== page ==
The Smashed Project warns school students against underage drinking

Don't get smashed: Actors perform at high schools across Australia. Picture: Supplied
Don't get smashed: Actors perform at high schools across Australia. Picture: Supplied

A program that aims to prevent underage drinking through an educational theatre-style performance came to Kogarah this week.

James Cook Boys Technology High School yesterday hosted The Smashed Project, which aims to break the culture of underage drinking and reduce alcohol-related harm in young people.

The program, which is aimed at year 8 and 9 students, is delivered in schools by educational theatre company Gibber Australia.

It includes a live theatre performance, which tells the story of three teenagers whose lives are forever changed by choices they make regarding alcohol.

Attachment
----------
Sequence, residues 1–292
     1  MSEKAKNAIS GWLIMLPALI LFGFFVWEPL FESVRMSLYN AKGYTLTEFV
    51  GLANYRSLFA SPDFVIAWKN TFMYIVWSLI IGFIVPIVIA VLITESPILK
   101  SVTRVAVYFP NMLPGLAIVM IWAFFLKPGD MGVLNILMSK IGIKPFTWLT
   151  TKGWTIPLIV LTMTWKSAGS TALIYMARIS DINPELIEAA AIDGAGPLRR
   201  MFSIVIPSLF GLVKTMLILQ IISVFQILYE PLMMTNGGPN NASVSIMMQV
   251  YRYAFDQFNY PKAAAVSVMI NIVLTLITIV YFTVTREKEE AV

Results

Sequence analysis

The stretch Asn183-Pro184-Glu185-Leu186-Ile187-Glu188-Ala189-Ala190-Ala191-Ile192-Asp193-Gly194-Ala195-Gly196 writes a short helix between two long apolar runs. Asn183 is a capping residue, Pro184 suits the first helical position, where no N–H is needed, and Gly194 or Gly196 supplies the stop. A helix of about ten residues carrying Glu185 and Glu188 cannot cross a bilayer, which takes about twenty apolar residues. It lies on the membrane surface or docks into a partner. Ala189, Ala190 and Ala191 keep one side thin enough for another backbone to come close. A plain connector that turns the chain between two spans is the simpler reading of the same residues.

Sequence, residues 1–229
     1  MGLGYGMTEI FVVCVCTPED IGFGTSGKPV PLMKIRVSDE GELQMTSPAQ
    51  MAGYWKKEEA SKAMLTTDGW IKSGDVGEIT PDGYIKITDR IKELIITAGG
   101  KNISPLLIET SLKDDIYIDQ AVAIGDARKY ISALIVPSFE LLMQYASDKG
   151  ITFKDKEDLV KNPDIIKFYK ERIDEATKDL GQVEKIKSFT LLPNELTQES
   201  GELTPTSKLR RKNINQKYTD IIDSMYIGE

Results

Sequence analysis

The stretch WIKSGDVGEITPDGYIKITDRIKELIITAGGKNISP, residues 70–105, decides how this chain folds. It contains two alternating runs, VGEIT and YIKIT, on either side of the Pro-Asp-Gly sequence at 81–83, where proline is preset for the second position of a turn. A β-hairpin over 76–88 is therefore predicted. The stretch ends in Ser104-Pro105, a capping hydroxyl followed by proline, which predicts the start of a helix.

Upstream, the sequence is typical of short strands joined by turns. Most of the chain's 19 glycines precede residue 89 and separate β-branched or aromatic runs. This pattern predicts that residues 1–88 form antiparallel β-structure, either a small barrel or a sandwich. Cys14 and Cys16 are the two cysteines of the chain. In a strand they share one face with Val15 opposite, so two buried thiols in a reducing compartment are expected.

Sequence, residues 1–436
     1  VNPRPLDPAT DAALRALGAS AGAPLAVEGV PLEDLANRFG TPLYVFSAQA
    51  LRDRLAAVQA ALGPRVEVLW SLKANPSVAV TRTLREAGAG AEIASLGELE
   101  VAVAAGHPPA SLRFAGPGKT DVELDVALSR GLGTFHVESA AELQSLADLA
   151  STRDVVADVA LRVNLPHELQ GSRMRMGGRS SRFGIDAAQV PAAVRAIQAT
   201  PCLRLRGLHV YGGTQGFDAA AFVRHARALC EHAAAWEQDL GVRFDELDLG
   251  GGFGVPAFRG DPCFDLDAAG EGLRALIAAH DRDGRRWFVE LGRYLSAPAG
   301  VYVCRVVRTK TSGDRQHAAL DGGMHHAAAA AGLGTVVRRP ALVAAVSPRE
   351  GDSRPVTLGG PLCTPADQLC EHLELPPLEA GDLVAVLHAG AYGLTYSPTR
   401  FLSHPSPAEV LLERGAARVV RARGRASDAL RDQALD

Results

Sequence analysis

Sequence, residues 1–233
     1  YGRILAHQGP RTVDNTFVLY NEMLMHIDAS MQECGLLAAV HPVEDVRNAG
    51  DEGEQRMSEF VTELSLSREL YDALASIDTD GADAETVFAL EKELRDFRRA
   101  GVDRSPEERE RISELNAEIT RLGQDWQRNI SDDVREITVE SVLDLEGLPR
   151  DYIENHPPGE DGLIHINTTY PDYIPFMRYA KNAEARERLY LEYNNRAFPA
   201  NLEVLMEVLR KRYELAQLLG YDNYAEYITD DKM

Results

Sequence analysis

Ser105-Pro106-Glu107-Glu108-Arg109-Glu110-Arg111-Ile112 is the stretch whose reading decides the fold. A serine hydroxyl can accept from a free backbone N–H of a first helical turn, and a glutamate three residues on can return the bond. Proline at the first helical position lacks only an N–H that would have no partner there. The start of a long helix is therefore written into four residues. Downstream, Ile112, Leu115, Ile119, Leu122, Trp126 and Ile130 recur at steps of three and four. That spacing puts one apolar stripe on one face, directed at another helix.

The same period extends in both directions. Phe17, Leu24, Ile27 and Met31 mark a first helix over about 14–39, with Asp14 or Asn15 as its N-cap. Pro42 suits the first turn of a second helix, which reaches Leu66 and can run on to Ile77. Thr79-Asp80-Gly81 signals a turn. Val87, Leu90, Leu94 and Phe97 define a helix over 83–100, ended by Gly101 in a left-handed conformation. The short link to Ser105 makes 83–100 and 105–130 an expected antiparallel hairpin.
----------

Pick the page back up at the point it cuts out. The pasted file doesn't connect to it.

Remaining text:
It is followed by interactive workshops designed to give the audience a forum to have an open conversation about the dangers of underage drinking and how to respond to peer pressure.

It is accompanied by teaching resources and a comprehensive evaluation framework.

Gibber Australia chief executive Tim Watt said the program was an effective way to engage young teens on the risks of alcohol misuse.

Evaluation results showed 98 per cent of students who took part said they were less likely to drink alcohol underage, while 33 per cent said the program increased their awareness of the impact of underage drinking on their physical health.

Australian Institute of Health and Welfare figures show Australians are drinking less and that 82 per cent of underage Australians are abstaining from drinking alcohol, up from 54 per cent in 2004.

The Smashed Project is funded by Diageo Australia. Its parent company, Diageo, is a global leader in alcoholic beverages.

Diageo Australia managing director David Smith said the project was part of its commitment to reducing underage drinking and alcohol-related harm in the community.